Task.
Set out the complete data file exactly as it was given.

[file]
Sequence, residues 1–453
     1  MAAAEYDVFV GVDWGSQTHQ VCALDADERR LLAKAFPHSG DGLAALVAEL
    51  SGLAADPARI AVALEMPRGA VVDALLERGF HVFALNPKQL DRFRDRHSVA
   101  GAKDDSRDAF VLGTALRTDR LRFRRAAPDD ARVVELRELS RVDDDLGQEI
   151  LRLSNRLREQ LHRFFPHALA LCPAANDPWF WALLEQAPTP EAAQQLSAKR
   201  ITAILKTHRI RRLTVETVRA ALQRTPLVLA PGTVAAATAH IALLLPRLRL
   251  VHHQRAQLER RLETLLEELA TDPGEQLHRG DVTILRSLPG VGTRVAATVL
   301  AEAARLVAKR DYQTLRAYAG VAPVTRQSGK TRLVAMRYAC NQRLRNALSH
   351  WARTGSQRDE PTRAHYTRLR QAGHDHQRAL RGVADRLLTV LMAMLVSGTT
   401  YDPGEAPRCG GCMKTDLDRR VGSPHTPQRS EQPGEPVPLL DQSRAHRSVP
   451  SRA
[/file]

Sequence, residues 1–453
     1  MAAAEYDVFV GVDWGSQTHQ VCALDADERR LLAKAFPHSG DGLAALVAEL
    51  SGLAADPARI AVALEMPRGA VVDALLERGF HVFALNPKQL DRFRDRHSVA
   101  GAKDDSRDAF VLGTALRTDR LRFRRAAPDD ARVVELRELS RVDDDLGQEI
   151  LRLSNRLREQ LHRFFPHALA LCPAANDPWF WALLEQAPTP EAAQQLSAKR
   201  ITAILKTHRI RRLTVETVRA ALQRTPLVLA PGTVAAATAH IALLLPRLRL
   251  VHHQRAQLER RLETLLEELA TDPGEQLHRG DVTILRSLPG VGTRVAATVL
   301  AEAARLVAKR DYQTLRAYAG VAPVTRQSGK TRLVAMRYAC NQRLRNALSH
   351  WARTGSQRDE PTRAHYTRLR QAGHDHQRAL RGVADRLLTV LMAMLVSGTT
   401  YDPGEAPRCG GCMKTDLDRR VGSPHTPQRS EQPGEPVPLL DQSRAHRSVP
   451  SRA